Are rising costs being driven by greedflation?

Prices are rising because of ‘greedflation,’ and organisations using inflation as an excuse to boost profits, according to John Glen, chief economist at the CIPS.

Speaking at the CIPS Sustainable Procurement Summit, Glen told delegates: “Greedflation is starting to emerge now, where organisations are using inflation as an excuse to increase profitability.”

Glen cited research by the European Central Bank, which found two thirds of inflationary impulses were now due to “organisations increasing their margins and increasing their profitability behind the veil of inflation.”

In a presentation containing a mixed picture of news, Glen said the UK would not enter a technical recession this year, but predicted that the economy would shrink.

He said issues facing supply chains have shifted from “logistics confusion," to trying to answer the question of "how do we actually make sure that we've got the labour supply to run our supply chains effectively?”

Despite Inflation expected to fall to 4% by the end of next year – down from record levels of 11.1% in October 2022 – Glen said traditional forms of macro-economics have failed to address the current inflationary market.

He argued economic policy has been driven too much by micro-economics, with its focus on efficiency.

The result, he said, has been that successive governments have neglected to prioritise growth, output, employment and tackling inflation.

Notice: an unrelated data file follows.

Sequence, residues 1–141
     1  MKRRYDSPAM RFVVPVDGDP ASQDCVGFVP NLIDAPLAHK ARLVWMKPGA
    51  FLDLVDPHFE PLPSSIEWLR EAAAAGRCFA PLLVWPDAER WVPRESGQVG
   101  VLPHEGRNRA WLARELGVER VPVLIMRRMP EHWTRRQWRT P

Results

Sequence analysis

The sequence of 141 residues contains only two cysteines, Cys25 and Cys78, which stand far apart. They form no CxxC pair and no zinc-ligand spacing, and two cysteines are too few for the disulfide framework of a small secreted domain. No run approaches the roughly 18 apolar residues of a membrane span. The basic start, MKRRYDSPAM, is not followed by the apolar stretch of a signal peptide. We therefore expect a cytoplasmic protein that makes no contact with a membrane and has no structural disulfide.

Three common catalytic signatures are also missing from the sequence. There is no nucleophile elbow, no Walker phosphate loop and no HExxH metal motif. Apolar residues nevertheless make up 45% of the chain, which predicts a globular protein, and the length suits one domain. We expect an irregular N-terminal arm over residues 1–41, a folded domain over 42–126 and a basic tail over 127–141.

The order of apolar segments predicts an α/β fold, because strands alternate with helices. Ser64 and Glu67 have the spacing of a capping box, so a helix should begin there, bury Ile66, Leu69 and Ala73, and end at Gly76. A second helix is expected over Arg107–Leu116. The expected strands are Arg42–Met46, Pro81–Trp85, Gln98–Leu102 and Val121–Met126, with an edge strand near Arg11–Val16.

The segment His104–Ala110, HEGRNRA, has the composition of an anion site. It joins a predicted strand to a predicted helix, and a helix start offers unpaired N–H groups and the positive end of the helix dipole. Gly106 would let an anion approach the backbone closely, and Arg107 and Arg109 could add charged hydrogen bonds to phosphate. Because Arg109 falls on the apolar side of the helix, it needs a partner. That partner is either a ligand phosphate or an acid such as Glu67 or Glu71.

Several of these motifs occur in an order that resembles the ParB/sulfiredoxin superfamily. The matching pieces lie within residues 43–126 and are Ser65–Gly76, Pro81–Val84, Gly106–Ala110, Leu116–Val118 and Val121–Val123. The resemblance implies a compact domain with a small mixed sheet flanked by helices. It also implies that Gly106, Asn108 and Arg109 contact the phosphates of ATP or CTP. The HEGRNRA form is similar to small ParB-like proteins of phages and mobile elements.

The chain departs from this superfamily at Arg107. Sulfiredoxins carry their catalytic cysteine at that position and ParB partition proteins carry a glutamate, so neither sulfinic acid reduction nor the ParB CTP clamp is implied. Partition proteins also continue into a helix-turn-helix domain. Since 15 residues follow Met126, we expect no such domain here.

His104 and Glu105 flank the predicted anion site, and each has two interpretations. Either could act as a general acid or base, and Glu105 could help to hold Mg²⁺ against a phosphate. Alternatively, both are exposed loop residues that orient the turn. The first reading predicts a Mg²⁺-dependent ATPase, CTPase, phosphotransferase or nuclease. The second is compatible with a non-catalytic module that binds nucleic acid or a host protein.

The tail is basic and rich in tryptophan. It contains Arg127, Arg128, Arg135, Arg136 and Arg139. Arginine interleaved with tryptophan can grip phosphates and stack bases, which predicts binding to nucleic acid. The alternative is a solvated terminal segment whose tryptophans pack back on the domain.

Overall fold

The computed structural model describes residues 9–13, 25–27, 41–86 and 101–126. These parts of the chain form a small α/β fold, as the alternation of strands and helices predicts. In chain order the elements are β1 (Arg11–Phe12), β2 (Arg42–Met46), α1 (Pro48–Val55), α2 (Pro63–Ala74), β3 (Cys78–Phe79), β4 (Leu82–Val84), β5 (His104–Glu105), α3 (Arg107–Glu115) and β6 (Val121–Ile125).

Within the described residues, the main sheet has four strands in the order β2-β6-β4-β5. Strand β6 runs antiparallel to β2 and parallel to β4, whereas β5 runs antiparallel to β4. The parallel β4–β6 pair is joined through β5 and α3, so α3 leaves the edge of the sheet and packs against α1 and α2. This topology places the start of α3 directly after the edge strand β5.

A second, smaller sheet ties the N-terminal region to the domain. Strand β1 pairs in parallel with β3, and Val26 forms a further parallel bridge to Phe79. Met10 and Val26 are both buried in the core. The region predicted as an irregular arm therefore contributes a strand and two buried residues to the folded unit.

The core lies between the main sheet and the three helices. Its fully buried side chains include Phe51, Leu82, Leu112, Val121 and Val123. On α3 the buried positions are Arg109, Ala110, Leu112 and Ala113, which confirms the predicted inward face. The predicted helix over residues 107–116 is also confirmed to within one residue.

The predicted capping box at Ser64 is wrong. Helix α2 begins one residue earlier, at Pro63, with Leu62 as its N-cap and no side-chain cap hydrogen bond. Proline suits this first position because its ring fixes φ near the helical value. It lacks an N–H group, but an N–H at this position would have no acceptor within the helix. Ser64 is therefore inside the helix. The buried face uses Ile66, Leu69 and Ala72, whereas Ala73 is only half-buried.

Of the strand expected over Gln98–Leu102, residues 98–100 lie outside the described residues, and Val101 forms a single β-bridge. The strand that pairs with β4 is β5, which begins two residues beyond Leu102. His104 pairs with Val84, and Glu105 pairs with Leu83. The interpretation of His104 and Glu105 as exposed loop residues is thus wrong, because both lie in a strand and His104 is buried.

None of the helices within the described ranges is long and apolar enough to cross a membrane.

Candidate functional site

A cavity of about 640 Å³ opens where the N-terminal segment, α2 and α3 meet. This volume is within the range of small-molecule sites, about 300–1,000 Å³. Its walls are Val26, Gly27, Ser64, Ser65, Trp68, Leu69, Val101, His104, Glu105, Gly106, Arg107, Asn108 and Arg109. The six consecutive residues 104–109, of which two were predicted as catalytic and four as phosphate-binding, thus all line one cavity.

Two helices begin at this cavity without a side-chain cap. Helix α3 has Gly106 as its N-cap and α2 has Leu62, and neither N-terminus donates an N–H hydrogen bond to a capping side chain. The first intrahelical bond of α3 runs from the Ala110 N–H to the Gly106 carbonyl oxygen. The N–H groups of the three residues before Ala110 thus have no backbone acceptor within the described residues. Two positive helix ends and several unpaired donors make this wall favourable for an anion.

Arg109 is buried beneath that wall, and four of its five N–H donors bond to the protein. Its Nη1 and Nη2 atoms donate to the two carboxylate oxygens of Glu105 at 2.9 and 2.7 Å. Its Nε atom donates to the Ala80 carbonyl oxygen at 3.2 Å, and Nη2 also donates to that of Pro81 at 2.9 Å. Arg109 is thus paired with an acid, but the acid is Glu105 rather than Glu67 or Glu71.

Taking a more global outlook, Glen said that as supply chains begin to stabilise, questions over China’s position as the world’s leading manufacturer will begin to dissipate. 

“Post-Covid-19, I think we're going to see the re-emergence of China – both on the supply side providing us with inputs into our production processes – and it going back to being the engine of global manufacturing,” Glen said.

He added: “On the demand side, we're going to see an expansion of Chinese consumption. We know it's in their five year plan; we know it's something that they want to deliver. The issue is that they want to deliver it by internal supply. But I think there's a massive taste for the sort of goods and services that we produce, and I think there's an enormous opportunity for us going forward.”

Theses trends, he suggested, would feed into wider conversations about deglobalisation.

“On this whole argument of deglobalisation – I'm not a big fan of it,” he said.

He added: “I think that as soon as we see supply chains start to become more secure again, we will also see the quality coming out of China or Vietnam. And I observe that firms will want to go back to those locations.”

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